SEPT. 26 – What began in Paris in 2002 finally arrives in Edmonton this fall. Nuit Blanche—or “sleepless night”—transforms cities with all-night contemporary visual arts festivals that arrive at dusk and disappear by dawn, each time with an exhibition unique to its host. “With Edmonton,” explains chair Ruth Burns, “we really wanted to focus on engaging with urban spaces, looking at our city in a new light and celebrating that newfound perspective.”
Edmonton’s free exhibition, Half-Lit Moon, will transform the downtown core from 7 pm to 4 am. Curated by Toronto-based artist and writer Dave Dyment, it features over 30 fun, interactive and stunning installations from local and international artists, including Yoko Ono. It’s all ages and all free, but if that’s not enough here are four more reasons to lose sleep over Nuit Blanche.
1. Yoko Ono’s largest installation piece yet.
Expect the largest iteration of Ono’s famous Wishing Tree, an acclaimed installation that has brought hope and inspired peace for hundreds of thousands of people over the course of 20 years. Find these 121 trees with intact roots throughout Winston Churchill Square, then record your wishes and attach them to the branches. Every desire is collected and stored at the Imagine Peace Tower in Iceland. Best of all, the trees are planted throughout Edmonton communities afterward.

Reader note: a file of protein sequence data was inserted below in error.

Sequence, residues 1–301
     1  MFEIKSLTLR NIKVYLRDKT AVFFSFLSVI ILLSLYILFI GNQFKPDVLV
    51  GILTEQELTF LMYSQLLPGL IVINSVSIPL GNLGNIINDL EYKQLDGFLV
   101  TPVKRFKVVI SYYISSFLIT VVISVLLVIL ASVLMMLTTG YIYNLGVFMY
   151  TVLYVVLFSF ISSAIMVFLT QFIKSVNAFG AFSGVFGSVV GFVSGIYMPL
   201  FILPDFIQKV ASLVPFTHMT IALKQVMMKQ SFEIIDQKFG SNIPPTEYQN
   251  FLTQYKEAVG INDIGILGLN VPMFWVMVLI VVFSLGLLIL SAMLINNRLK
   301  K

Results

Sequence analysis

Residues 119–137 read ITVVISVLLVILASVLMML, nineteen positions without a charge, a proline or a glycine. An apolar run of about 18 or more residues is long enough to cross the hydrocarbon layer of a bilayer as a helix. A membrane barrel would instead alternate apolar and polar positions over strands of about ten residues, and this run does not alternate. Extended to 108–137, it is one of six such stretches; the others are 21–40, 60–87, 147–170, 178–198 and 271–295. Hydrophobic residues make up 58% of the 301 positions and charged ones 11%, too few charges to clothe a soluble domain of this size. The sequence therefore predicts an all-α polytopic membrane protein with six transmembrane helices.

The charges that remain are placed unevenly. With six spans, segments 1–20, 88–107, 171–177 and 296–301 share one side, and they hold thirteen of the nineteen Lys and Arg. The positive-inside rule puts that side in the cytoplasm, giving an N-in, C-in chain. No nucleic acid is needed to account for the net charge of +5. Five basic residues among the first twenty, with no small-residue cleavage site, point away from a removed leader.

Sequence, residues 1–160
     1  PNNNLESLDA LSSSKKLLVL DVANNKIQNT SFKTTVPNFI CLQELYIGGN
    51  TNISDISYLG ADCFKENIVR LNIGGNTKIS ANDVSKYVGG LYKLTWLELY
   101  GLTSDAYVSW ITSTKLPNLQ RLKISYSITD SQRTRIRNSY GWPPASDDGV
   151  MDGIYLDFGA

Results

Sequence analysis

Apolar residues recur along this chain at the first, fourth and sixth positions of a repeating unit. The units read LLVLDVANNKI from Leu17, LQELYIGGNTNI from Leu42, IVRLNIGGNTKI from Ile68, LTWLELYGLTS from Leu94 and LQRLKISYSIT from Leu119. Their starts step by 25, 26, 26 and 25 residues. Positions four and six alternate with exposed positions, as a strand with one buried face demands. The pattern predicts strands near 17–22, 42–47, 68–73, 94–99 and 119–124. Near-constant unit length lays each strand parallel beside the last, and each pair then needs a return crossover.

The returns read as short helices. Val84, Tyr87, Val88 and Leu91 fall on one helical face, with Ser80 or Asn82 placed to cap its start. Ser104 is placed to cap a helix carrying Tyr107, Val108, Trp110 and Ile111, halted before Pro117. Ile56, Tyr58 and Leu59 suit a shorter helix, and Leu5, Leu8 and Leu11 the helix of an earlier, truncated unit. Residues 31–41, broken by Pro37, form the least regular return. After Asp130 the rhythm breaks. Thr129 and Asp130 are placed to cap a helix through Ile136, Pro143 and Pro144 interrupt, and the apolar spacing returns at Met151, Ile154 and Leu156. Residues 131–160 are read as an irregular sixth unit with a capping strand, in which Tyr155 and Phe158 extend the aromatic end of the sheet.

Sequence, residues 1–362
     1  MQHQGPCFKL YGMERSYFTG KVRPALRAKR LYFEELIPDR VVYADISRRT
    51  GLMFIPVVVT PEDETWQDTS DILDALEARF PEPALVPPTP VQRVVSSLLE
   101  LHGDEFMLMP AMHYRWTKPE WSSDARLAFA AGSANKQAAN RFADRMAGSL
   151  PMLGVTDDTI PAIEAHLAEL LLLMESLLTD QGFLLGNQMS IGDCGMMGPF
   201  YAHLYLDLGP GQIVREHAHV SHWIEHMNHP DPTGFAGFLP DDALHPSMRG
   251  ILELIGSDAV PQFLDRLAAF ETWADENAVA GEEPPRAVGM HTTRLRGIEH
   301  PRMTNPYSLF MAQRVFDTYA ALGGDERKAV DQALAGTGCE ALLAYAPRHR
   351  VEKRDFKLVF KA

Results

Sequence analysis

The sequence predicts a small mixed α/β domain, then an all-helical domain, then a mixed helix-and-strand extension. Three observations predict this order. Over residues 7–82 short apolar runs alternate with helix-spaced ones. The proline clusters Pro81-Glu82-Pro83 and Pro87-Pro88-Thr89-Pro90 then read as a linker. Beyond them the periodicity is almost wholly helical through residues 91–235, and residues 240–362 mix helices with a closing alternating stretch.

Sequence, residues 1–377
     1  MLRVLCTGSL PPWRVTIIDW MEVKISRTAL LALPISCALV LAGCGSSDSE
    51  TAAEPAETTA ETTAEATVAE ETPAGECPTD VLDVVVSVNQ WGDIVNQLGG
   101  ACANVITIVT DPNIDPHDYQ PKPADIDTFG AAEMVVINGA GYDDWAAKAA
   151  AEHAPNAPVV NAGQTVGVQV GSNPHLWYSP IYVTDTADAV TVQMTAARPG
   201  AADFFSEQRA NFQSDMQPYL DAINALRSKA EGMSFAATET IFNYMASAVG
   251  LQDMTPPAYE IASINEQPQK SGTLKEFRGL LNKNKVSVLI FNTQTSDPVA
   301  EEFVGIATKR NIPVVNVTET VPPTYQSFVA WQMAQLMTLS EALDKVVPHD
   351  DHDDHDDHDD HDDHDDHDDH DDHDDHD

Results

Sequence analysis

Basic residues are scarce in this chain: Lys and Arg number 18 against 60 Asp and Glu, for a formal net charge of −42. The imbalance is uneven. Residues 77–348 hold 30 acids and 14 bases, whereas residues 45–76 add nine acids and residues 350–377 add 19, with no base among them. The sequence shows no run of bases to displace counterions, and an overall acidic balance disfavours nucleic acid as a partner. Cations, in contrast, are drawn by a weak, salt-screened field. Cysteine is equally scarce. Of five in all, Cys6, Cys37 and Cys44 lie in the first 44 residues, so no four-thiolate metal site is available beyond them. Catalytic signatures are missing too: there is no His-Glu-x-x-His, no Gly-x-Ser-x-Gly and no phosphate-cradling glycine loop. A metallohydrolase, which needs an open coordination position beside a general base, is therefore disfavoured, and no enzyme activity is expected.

2. Take back downtown
After bars close and the donair vendors serve their last wraps, downtown streets can be overtaken by deadness and a sense of insecurity. But instead of dreading the darkness of the streets, Burns wants us to celebrate it. “We tend to avoid urban spaces at night so we really want the community to engage with their city when it’s dark and gain a different perspective from it.”
3. An unexpected and newfound respect for potholes
The local irritants we love to hate are reclaimed and embraced by Sarah Amato and Monique McFarlane. The artists behind Pothole Possibilities will decorate these nuisances to create amusing illustrations. You’re invited to help out by composing letters, poems and other pothole-related reflections.
4. Experience the community coming together
Burns hopes Edmontonians will feel a sense of community pride and collaboration when they experience Half-Lit Moon. She already has, simply from the overwhelming community support from surrounding businesses and organizations who pitched in to make it happen. “The community effort is truly heartwarming.”